Friends in the unprogrammed, liberal tradition respond in a wide variety of ways to the language and teachings of Christianity. In her explorations of the writings of early Friends, Marge Abbott has discovered her own approach to Christian perspectives, one that speaks specifically to her experiences of the Divine Light. She finds inspiration and fellowship with early and modern Friends for whom Christ is central, without excluding the wisdom and inspiration of other religious traditions. Engagement with evangelical Friends and social justice work have expanded her sense of compassion. Her example is an invitation to spiritual receptivity: a stance that emphasizes “yes” and connection, rather than separations among those who hold different beliefs.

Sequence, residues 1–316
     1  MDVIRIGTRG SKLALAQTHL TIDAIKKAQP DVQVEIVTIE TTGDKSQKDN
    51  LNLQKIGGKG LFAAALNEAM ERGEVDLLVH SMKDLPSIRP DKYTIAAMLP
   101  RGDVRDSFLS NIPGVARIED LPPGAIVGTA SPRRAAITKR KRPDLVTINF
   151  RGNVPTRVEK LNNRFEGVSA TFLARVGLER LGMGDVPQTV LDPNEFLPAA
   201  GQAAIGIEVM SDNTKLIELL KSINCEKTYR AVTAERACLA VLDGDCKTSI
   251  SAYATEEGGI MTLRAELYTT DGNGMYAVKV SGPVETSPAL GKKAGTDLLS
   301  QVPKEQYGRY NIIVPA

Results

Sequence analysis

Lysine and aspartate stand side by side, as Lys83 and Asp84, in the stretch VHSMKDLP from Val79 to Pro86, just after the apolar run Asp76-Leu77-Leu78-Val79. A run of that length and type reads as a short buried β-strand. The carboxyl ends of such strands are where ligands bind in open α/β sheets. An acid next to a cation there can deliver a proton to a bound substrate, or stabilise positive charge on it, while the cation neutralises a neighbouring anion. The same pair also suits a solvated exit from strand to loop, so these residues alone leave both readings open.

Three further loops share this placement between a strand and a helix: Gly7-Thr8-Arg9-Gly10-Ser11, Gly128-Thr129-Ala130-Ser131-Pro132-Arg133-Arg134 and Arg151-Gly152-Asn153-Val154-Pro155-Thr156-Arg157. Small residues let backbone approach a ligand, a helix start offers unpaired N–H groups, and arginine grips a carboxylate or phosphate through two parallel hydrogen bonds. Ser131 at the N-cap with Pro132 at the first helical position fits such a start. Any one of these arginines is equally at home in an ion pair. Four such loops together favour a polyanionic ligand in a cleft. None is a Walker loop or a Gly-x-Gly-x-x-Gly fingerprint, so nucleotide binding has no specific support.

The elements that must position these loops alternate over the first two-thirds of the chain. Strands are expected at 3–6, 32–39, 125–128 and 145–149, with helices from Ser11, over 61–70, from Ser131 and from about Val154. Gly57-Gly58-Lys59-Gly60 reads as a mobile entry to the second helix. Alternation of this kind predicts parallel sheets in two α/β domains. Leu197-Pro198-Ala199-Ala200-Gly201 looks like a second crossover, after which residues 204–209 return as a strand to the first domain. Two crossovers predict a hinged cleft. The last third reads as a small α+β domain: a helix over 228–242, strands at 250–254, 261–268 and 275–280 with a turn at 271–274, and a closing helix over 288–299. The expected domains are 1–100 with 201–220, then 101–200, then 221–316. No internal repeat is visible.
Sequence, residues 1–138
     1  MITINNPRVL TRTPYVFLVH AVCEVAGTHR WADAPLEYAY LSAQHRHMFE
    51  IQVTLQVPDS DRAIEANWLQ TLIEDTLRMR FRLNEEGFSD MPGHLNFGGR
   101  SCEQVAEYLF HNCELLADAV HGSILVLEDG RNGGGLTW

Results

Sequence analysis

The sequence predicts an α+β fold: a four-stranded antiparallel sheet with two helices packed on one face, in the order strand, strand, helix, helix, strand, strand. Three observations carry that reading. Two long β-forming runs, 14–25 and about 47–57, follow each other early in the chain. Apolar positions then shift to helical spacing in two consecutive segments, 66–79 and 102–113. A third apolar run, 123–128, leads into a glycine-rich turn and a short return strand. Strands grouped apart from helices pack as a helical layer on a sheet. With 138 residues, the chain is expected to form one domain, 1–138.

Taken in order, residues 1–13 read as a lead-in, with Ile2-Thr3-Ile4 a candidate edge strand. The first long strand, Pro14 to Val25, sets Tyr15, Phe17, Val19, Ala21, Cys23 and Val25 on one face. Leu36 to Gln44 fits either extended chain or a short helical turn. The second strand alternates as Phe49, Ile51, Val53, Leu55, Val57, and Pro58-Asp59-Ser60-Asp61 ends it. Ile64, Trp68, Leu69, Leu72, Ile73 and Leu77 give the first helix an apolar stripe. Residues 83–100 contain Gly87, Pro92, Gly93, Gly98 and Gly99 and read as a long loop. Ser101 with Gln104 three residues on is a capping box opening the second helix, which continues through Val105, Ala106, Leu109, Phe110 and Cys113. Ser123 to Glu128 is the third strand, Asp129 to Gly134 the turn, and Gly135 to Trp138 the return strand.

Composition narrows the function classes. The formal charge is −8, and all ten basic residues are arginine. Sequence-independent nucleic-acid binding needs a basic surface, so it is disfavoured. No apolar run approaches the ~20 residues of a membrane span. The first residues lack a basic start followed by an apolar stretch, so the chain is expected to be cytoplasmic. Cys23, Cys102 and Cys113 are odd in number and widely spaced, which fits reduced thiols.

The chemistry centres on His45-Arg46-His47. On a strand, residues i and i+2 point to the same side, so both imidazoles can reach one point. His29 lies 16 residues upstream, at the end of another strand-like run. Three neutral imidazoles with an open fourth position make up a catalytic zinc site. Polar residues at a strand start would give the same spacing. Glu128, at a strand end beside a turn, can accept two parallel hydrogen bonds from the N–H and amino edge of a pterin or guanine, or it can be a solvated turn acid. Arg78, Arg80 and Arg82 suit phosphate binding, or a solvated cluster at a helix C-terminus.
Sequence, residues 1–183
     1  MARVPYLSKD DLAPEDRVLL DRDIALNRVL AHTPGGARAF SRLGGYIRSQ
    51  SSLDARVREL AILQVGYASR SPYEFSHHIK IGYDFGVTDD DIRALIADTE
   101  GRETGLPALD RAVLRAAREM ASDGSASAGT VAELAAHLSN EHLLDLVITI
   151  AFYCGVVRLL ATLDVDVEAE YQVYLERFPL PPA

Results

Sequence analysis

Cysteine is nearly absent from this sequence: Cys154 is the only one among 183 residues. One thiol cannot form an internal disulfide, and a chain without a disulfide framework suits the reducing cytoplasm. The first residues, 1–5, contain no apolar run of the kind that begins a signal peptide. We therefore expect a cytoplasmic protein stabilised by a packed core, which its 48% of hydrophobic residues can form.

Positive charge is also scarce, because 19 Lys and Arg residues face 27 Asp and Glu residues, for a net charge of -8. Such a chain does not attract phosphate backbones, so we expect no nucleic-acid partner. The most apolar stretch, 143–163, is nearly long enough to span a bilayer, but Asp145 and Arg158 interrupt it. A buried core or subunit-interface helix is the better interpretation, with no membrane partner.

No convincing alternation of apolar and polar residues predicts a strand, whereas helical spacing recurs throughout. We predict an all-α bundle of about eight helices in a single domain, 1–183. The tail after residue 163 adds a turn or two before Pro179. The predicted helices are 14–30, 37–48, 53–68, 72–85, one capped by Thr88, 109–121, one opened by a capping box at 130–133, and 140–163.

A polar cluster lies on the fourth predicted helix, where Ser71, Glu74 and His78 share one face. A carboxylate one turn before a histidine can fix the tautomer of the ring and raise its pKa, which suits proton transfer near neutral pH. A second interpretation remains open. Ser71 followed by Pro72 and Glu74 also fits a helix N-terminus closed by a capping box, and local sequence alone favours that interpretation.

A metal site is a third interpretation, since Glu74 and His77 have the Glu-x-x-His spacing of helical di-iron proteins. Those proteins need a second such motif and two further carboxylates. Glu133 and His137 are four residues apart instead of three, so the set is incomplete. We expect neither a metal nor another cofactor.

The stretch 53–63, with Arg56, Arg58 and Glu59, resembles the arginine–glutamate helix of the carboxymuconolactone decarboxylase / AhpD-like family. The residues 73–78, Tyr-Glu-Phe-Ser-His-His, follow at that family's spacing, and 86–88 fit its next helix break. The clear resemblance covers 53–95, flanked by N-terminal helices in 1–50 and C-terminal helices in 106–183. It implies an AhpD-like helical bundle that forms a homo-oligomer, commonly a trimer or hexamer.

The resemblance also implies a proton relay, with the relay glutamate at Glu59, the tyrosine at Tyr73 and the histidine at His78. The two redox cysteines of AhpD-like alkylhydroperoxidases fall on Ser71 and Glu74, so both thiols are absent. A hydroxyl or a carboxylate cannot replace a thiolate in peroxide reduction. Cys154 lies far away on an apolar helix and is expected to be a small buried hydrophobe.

About the Author(s)
Margery Post Abbot is a member of Multnomah Monthly Meeting, an unprogrammed Friends meeting in Portland, Oregon. She has been “released” by her meeting to follow a calling of teaching and writing about her faith. Her publications include the anthologies A Walk Worthy of Your Calling: Quakers and the Traveling Ministry (co-edited with Peggy Senger Parsons) and A Certain Kind of Perfection: An Anthology of Evangelical and Liberal Quaker Writers, as well as writings about Quakerism and mysticism among Friends. Her book On Being Broken and Tender: Theological Reflections of a Liberal Friend was published by Quaker Press in 2009.
Pendle Hill Pamphlet #402